A progressive consonant-substitution pattern in a typically developing child

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Abstract

The purpose of this paper was to describe and explain an unusual consonant substitution (default) pattern in the early lexical repertoire of a typically developing boy. Ben was audiotape recorded monthly from age 2;2-2;8 (years; months), to follow an unusual substitution pattern, initially observed between 1;6 and 1;7 diary notations. Data from each recording period were analysed with reference to (a) consonant repertoire, and (b) default and non-default features present. Data are presented for three periods of [l] substitution: initially, for a glide /w/ (age 1;6-1;7), next, as a substitution for word-initial fricatives /s/, /z/ and (age 2;2-2;3), and finally, in place of /r/ in consonant +/r/ clusters, in place of /j/ in initial position, and as a between-word liaison age 2;72;8. It is shown that preferences for specific features, consonant vowel interactions, and syllable positions may be implicated in motivating this [l] substitution at specific points over time. The observed pattern is explained with reference to universal and child-specific factors and adds further evidence for variability that exists among typically developing children.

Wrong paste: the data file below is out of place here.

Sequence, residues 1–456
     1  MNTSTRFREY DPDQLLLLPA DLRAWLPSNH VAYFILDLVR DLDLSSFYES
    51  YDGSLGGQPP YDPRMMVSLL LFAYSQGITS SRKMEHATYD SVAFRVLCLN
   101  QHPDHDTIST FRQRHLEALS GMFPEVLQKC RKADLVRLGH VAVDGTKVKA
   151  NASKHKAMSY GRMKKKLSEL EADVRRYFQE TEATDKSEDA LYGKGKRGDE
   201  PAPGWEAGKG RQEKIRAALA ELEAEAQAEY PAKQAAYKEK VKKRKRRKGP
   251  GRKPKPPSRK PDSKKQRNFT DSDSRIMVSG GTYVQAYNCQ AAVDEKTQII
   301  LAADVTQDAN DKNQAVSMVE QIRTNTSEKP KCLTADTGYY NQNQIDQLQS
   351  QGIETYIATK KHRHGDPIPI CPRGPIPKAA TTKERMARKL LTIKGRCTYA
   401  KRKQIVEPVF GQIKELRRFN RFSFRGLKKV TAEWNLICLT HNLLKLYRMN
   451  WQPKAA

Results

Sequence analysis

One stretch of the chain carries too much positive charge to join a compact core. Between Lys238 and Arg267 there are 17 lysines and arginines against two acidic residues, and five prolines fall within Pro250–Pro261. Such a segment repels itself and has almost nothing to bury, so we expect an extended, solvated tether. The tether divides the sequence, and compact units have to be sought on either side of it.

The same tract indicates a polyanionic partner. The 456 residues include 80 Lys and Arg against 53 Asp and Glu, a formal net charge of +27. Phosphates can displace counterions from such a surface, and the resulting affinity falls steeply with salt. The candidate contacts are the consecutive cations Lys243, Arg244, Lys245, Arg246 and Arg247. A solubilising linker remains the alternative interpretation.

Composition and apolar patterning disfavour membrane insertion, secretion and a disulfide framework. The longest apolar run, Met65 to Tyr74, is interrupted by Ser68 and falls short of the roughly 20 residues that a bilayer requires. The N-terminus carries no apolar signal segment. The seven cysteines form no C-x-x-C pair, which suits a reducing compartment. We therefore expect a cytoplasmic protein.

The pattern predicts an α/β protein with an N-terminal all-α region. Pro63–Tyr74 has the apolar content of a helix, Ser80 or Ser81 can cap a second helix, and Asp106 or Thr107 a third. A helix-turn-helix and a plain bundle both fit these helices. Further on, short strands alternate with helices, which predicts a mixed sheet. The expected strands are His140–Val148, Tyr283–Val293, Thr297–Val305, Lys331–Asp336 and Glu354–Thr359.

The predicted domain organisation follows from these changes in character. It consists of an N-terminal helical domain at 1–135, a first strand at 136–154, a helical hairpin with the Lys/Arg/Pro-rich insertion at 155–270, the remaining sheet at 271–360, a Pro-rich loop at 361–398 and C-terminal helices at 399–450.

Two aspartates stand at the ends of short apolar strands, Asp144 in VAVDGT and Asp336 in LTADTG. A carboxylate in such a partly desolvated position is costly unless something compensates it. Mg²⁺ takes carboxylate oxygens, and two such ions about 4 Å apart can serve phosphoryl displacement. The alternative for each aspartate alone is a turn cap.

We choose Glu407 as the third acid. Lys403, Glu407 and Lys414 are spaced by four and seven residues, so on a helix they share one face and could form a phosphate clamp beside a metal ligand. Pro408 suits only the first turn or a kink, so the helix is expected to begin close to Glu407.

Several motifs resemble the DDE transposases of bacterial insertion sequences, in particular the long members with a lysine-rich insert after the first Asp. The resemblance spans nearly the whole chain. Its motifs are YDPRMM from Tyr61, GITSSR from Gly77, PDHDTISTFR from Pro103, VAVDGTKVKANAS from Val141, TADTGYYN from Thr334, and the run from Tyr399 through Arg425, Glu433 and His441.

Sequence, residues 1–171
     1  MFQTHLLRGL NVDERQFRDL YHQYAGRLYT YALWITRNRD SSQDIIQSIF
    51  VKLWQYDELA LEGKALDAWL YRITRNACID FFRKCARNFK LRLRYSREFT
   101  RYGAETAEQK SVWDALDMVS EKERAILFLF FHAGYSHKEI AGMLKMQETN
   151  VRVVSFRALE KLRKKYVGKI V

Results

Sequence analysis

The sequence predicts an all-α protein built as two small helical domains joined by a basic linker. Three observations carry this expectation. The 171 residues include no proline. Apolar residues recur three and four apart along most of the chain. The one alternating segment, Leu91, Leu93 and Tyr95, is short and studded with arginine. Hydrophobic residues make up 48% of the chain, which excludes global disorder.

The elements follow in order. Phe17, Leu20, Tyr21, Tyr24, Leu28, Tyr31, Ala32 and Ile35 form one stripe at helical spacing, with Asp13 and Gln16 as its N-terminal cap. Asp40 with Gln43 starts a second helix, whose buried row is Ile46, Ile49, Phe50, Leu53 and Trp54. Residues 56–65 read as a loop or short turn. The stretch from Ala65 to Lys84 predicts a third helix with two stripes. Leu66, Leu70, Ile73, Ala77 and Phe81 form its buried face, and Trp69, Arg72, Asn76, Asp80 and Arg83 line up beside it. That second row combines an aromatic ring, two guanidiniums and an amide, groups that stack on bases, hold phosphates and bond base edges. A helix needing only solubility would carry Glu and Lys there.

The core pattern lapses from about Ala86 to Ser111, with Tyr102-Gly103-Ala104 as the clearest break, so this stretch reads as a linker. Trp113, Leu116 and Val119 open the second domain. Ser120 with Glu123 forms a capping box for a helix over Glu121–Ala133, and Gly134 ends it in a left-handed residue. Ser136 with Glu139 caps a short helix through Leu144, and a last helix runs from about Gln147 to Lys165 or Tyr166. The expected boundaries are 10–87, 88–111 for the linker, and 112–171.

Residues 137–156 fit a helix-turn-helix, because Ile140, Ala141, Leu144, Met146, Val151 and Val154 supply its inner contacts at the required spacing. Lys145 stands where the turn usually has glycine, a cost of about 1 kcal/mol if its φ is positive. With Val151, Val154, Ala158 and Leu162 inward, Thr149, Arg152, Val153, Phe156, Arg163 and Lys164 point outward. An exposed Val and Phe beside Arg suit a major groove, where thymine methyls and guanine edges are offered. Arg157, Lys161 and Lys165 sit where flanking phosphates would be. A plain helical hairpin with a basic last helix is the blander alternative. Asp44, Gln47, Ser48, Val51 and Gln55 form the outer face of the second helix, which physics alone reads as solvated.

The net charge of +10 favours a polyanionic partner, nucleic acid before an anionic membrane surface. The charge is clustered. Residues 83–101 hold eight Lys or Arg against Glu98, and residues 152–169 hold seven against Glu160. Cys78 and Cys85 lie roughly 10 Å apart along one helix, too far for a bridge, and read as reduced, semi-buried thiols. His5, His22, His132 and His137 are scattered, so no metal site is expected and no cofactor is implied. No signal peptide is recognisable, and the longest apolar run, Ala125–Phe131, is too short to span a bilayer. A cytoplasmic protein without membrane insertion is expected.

Original languageEnglish (US)
Pages (from-to)470-479
Number of pages10
JournalInternational Journal of Speech-Language Pathology
Volume10
Issue number6
DOIs
Publication statusPublished - 2008

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Keywords

  • Child
  • Phonology
  • Preschool
  • Sound substitution
  • Speech production

ASJC Scopus subject areas

  • Otorhinolaryngology
  • LPN and LVN
  • Speech and Hearing
  • Research and Theory

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